Pretty Poison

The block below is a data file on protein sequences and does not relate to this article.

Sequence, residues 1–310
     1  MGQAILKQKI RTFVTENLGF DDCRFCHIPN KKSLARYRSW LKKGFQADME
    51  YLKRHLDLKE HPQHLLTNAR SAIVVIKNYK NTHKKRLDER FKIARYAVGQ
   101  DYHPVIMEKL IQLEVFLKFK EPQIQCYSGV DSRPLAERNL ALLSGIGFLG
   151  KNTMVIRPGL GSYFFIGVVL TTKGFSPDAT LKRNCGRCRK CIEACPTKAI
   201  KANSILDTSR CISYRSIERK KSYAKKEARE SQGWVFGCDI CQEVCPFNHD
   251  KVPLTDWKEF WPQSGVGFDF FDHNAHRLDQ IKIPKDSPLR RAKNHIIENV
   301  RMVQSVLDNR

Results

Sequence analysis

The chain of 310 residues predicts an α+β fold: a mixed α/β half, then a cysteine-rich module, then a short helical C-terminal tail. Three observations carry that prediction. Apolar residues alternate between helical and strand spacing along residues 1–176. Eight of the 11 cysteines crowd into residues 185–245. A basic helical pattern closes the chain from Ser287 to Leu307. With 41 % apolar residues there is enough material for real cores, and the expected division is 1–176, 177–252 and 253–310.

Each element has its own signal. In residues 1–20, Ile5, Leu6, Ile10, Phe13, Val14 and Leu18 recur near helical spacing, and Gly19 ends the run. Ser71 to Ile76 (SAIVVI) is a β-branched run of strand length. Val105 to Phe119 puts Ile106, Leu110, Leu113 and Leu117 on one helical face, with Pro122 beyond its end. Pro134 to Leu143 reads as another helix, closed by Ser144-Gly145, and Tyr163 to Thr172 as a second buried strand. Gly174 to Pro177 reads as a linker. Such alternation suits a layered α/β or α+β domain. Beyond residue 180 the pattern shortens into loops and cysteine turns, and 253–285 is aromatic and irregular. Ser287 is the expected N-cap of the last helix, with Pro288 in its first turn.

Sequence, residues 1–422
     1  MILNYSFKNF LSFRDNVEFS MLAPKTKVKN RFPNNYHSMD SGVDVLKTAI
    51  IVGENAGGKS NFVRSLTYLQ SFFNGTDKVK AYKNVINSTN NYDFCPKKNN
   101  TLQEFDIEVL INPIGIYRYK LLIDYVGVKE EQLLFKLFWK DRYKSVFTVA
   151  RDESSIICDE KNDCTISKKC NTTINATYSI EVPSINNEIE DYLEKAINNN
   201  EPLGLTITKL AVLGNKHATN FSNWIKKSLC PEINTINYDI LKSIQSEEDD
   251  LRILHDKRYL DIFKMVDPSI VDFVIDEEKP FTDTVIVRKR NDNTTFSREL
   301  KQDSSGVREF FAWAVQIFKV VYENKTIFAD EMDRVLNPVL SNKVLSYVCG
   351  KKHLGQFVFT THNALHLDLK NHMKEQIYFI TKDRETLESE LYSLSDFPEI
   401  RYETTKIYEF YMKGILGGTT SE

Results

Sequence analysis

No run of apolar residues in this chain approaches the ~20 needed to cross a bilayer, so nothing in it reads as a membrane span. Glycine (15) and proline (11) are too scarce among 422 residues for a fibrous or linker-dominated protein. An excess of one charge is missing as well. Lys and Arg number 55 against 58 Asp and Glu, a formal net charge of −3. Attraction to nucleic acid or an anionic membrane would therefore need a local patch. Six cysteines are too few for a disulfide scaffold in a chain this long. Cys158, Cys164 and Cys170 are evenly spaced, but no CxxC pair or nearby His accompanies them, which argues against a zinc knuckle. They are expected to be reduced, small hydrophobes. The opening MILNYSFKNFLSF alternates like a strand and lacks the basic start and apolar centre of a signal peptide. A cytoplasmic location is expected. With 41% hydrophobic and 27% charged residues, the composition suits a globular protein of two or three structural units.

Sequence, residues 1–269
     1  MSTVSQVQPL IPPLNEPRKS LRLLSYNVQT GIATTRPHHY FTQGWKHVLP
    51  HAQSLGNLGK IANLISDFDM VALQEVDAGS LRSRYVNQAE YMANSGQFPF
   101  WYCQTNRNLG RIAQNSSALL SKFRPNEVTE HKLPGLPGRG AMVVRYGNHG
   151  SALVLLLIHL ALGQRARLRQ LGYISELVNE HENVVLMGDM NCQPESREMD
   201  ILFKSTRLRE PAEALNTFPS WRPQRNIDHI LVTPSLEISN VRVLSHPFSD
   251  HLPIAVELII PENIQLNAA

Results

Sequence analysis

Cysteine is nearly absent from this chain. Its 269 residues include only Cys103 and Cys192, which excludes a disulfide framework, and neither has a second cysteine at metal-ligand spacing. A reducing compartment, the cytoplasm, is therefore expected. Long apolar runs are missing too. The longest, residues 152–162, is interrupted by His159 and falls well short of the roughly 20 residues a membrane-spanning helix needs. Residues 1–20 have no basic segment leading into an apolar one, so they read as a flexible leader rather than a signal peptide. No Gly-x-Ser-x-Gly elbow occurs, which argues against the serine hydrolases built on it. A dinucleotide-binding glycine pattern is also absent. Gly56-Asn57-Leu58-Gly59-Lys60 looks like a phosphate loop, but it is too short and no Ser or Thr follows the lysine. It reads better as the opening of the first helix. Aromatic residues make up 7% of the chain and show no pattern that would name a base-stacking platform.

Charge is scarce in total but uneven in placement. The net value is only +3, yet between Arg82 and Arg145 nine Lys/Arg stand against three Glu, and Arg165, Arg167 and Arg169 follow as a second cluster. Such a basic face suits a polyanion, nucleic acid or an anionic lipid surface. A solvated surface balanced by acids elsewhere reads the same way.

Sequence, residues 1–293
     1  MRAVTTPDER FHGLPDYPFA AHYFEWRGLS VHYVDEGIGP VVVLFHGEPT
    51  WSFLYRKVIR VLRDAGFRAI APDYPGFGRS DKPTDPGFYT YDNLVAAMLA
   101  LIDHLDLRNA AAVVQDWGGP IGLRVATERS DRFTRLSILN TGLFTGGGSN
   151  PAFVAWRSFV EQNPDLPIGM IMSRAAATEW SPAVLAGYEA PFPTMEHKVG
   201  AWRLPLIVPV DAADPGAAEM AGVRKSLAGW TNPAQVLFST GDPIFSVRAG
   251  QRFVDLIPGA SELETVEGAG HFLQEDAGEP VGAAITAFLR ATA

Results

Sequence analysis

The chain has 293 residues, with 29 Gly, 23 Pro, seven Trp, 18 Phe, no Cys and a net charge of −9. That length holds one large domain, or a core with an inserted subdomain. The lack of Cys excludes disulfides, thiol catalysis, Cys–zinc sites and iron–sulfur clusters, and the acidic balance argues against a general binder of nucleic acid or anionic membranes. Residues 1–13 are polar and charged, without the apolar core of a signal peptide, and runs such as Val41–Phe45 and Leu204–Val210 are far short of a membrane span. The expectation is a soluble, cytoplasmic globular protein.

At 15 my abusive mother dragged me kicking and screaming into a psychiatrists office. I sat there arms crossed listening to them talk about me like I wasn’t in the room. listening to them talking about me like I wasn’t even a person but a problem to be solved. I tuned them out because it was easier than letting them see me cry. But then the words bipolar came up and my ears perked up and I could feel my whole body stiffen. the shrink got out her prescription pad to the eager self satisfied nods of my mother and I sat for a moment in slack jawed surprise before I could form words. and when I did they came out in a yell. Fuck you if you think I’m going to be medicated and as I stormed out of the office intent on walking anywhere but there my mother filled to the brim with mock concern tried to convice me that this was best. In the middle of the street I screamed back that what would have been best would be having a mother who hadn’t spent my whole life viewing me with disdain only to later try to treat the problems that resulted with a rainbow of medications that were the same ones that she ate like candy. Her response was cold fury. I don’t remember how I got home that day I only know it wasn’t with her. Years later I tried again to get treatment for this sickness I was told I had until the day I sat in psych class desperately trying to understand myself. And my professor  said that bipolar is most often diagnosed because the meds they put you on work. They had no idea the mechanism that made those pretty drugs effective. So I rebelled against a system that told me I was wrong. I fought. I refused. I learned how to cope by myself because the poison that they expected me to take as I rode a medication merry go round dulled my light. Dulled my personality. And worst of all it dulled my writing. I taught myself that self destruction is a misnomer because I was killing those around me and I fought. I fought to control myself. I fought to become my own advocate and even though I am still terrified of doctors I stood up and said no to what wasn’t right for me. I taught myself that mentally ill was just another word for not fitting in and I learned to take glory in that.I learned to talk to my sickness and I found friends who accepted it and spoke with it too until we could lull it back to sleep. And most of all I taught myself that the drugs they used to make me fit into a box neatly tied with a glittery bow were pretty poison.

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